The National Retail Federation estimates Americans will spend as much as $2.5 billion on Halloween candy this year. That's a lot of bags of sugary stuff. But not all candy is created equal (we're looking at you, Tootsie Rolls).
Whether you're the kind of person who snaps up bags of candy as soon as they hit the stores or wait until the night before and stock up on whatever's left on the shelf, avoid these common mistakes when buying your Halloween candy. The neighborhood kids will thank you.
1. Not accounting for kids with food allergies.
Due to food allergies, more and more kids have to avoid wheat, nuts, gluten, or dairy. Set some special candy aside — Skittles, Smarties, and Jolly Ranchers are good ones for kids with certain common allergies — so everyone who rings your doorbell can feel included. Or bypass the candy all together and opt for non-food treats. And remember to put out a teal pumpkin so that trick or treaters can easily see that your house is allergy-friendly.
Find out more: What Is the Teal Pumpkin Project?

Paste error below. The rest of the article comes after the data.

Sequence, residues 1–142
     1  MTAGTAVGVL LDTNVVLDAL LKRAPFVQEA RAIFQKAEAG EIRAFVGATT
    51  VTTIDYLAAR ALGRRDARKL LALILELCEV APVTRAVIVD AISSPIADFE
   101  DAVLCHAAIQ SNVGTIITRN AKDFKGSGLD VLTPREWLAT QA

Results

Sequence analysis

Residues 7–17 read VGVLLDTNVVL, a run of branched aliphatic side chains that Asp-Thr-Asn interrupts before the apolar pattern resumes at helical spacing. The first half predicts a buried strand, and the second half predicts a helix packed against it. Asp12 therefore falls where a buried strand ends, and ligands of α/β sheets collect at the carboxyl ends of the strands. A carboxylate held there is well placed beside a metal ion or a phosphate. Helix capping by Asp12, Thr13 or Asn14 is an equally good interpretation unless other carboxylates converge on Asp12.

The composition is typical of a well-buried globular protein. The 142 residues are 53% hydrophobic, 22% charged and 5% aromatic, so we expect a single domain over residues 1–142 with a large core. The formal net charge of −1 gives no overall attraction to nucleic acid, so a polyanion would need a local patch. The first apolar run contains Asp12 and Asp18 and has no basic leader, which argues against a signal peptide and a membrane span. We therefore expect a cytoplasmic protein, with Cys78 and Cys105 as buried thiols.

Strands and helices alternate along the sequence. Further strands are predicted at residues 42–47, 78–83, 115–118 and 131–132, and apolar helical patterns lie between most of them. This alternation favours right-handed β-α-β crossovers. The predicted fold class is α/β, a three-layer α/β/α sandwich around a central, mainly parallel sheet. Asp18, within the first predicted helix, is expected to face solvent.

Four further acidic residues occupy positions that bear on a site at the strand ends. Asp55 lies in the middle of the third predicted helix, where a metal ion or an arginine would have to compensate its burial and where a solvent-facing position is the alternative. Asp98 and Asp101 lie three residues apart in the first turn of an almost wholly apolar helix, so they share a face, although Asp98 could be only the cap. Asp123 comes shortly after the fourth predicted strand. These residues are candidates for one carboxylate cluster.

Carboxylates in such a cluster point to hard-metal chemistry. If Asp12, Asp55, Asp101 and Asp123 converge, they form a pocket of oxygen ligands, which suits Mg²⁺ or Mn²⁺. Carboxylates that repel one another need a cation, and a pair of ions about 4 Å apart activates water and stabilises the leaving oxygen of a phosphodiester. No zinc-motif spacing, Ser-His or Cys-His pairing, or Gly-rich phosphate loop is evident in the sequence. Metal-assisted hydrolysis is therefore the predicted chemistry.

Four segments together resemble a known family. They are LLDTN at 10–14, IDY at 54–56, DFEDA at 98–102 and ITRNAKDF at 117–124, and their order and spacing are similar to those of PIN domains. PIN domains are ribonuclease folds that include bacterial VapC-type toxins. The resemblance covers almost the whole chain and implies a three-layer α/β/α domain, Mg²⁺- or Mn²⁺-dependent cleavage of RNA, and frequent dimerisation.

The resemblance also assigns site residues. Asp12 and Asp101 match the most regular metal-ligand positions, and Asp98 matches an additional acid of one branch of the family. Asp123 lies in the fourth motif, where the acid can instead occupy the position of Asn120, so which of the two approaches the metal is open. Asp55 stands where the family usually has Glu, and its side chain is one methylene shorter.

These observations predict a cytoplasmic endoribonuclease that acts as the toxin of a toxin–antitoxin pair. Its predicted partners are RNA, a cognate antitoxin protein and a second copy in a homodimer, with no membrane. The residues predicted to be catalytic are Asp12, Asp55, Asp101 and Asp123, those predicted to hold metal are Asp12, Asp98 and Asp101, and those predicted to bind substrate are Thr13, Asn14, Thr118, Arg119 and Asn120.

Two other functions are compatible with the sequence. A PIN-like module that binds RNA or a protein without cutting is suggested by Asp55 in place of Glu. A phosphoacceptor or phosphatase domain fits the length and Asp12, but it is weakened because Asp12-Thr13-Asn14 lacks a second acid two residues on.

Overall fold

2. Handing out full-size candy bars.
While it might seem festive (and neighborly of you) to splurge on a box of full-sized candy bars to give out, it's really better to stick with fun-sized portions. Although kids will be delighted by the bigger bars, parents will probably not be as thrilled.
3. Giving out sticky taffy, fruit chews, and caramels.
Chewy foods can irritate those with tiny teeth, braces, or orthodontic pieces. These candies also stick to teeth, creating prime conditions for cavities to take hold. If you're not sure what kind of candies are best to purchase, consult this handy chart. You might be surprised to see which ones are the most problematic!
4. Running out of candy.
A general rule of life (that is particularly true for Halloween): Always buy too much candy. If you have a ton left over at the end of the night, you can unload it on the last wave of kids. Or you can bring it into your office or squirrel it away for birthday parties and baking projects. But you never want to be the house that runs out of candy before the sun sets.
Tip: Buy candy in bulk to save money, and also for peace of mind. Places like Costco and B.J.'s have some solid deals if you're a member.
5. Not seeking advice from your neighbors.
If you're new to the area or it's the first time you plan on handing out candy, talk to your neighbors first. Ask how many trick or treaters to anticipate and what time they start — and stop. This way, you won't be caught off guard when hordes of children start ringing your doorbell at 2 p.m. — or if your street ends up being a ghost town.
What is your approach to buying (and giving out) candy on Halloween?